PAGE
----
Dmitri Konychev: One of the first Russian riders to ride in the professional peloton he burst onto the scene with a silver medal, behind Greg Lemond in the epic 1989 Worlds. But perhaps it shouldn’t have been such a surprise, he’d won the ‘Baby’ Giro the previous year and was a classy rider. He spent a lot of his career riding for Italian teams, a nation where there are many distractions – beaches, discos, nice cars and those big haired beautiful Donnas. Dima was famed for pulling a rabbit from the contract renewal hat at just the right time, leaving his DS’s shaking their heads and thinking; ‘why can’t he ride like that all the time?’ as he pulled off a late season big win to secure his future for another year.

Nico Mattan
Nico Mattan – Liked a drink

Nico Mattan: I interviewed Nico once, after a stage at the Three Days of De Panne, a race he won in 2001, I enquired; ‘can I get you a Coke or mineral water, Nico?’ The Belgian looked at me quizzically; ‘no, a Carlsberg!’ After he won the 2005 Gent-Wevelgem he headed straight to his supporters club where he; ‘danced on the tables into the small hours.’ No warm-down on the rollers or ice baths for that man.

Sanremo - Italy - wielrennen - cycling - radsport - cyclisme - Former Belgian cycling champion Eddy Merckx and VRT’s cycling expert Michel Wuyts at the Sanremo fountain, in Sanremo, Italy - photo PN/Cor Vos © 2017
Merckx would have more than tea

Eddy Merckx: Despite taking his profession very seriously, Merckx’s appetite was legendary. The reason his weight ballooned after he retired was that he was still eating like a horse but not doing the 300 kilometre training runs to burn off the dreaded calories. And he liked a drink. On the French criterium circuit – which were usually ‘choreographed’ there’s a tradition of partying after the race. Maitre Jacques Anquetil was nearing the end of his career with Merckx the rising star. The French star reckoned that whilst his bike racing prowess may be on the wane, he could still out drink the upstart Belgian. Lesser men slipped quietly off to bed whilst Jacques and Eddy went at it until one of them had to be carried to his bed – it wasn’t Eddy.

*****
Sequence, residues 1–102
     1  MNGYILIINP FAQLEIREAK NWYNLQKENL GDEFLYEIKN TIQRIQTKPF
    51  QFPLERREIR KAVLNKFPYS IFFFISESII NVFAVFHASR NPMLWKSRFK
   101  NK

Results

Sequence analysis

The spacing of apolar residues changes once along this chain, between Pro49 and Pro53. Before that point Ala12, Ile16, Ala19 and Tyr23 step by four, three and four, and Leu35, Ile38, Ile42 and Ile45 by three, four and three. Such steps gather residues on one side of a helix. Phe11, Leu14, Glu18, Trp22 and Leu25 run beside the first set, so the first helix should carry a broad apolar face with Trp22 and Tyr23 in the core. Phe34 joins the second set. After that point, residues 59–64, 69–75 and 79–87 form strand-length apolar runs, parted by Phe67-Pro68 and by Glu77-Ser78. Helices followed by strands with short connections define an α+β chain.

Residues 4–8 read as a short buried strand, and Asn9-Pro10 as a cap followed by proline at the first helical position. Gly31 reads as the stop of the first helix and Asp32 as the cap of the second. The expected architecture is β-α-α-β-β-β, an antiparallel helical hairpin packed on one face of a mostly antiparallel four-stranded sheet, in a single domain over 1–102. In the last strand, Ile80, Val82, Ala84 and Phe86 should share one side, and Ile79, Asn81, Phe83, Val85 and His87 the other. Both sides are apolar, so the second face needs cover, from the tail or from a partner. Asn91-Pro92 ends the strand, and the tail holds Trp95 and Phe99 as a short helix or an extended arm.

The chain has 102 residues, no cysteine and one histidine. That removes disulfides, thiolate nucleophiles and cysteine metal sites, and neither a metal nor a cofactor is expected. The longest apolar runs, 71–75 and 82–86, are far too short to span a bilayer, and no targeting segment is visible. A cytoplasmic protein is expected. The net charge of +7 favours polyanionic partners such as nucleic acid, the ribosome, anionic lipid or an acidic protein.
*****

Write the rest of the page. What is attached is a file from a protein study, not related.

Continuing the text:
o'grady cobble

Stuart O’Grady: Is a nice guy and was a top rider; an Olympic champion on the track and a winner of Paris-Roubaix, not to mention a Tour de France yellow jersey wearer. But like many Antipodeans, he does like a beer. Folklore has it that having had, ‘one too many’ during a stage race, he found himself locked out of the team hotel and had to sleep in a team car. The next stage was a time trial, he was in such a bad way that he had to be assisted onto his bike. Not only did he get round the time test, he won the race overall. Legend.

Rotterdam - Ahoy - wielrennen - cycling - radsport - cyclisme - baan - bahn - piste - track - sixday of Rotterdam - Rabobank Zesdaagse van Rotterdam - Bruno Risi - foto Cor Vos ©2010
Bruno Risi – Handy with beer

Bruno Risi: Seven times a world champion on the track between the points race and madison, Olympic silver medallist in the madison and fifth in the all-time six day wins rankings with 61 victories, the mulleted Swiss star was also handy with beer, wine and Schnapps. When runners like me were forcing ourselves to stay awake to get the washing done, Bruno and his brother-in-law and six day partner Kurt Betschaert would be using up their surplus adrenaline.

Freddy Schmidtke
Fredy Schmidtke (left) – had an eye for the girls

Fredy Schmidtke: I was there that cold night at Leicester Velodrome in 1982 when the unthinkable happened, East German Kilometre King – he’d won the last five world championships straight – the late Lothar Thoms ‘parked up’ on the last bend and the late ‘Fast Fredy’ became champion of the world. Freddy went on to take Olympic kilometre gold in LA in 1984. But for all his successes on the bike, cycling was well down his list of ‘favourite things’ coming somewhere around fifth after girls, more girls, cars and more cars. . .

The sad story of Frank VDB

Frank Vandenbroucke: He was cool, pure class, talented, winner of Het Volk, Liege-Bastogne-Liege, Gent-Wevelgem, Paris-Nice, GP Plouay, the Scheldeprijs. . . Adored by the Belgian public, the late ‘Franky Boy’ was a classic case of ‘too much too young,’ living the life of a professional cyclist from his early teens. As his career spluttered amid doping investigations his column inches became more about nights on the town, speeding fines with his Porsche and his tumultuous relationship with his wife, rather than palmarès. A sad way for a wonderful athlete’s career to end.

Not quite the ‘Wild Bunch’